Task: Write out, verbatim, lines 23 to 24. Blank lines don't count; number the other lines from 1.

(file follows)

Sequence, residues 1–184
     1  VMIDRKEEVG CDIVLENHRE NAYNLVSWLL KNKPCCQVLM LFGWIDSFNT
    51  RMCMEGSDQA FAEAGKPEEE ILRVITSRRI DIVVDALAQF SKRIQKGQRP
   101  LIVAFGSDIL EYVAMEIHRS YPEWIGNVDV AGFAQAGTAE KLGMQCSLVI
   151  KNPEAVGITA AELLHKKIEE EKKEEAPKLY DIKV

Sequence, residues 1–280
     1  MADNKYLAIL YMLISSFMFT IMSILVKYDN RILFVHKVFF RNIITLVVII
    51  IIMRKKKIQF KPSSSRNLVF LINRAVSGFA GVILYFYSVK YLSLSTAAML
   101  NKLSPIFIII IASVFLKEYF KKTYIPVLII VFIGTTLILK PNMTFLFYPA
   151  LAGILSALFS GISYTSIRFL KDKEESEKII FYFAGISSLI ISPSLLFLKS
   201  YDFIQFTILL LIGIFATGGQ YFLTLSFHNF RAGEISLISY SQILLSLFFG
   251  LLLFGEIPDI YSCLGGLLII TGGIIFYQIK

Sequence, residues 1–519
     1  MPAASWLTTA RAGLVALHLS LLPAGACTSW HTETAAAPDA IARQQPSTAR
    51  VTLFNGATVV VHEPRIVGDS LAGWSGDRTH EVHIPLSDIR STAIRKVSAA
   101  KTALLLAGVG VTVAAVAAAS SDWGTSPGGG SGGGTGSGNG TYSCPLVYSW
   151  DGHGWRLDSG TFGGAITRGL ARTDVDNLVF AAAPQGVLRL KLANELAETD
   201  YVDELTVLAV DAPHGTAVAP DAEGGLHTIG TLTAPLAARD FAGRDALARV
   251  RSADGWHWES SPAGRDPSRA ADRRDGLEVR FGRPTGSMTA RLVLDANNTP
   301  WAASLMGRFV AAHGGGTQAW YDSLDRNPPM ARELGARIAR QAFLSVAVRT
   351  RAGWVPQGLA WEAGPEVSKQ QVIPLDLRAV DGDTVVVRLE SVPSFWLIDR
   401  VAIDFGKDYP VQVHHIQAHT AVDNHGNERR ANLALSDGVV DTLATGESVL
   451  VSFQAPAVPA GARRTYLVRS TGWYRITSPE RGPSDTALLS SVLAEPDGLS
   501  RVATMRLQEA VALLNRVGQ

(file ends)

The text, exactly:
   451  VSFQAPAVPA GARRTYLVRS TGWYRITSPE RGPSDTALLS SVLAEPDGLS
   501  RVATMRLQEA VALLNRVGQ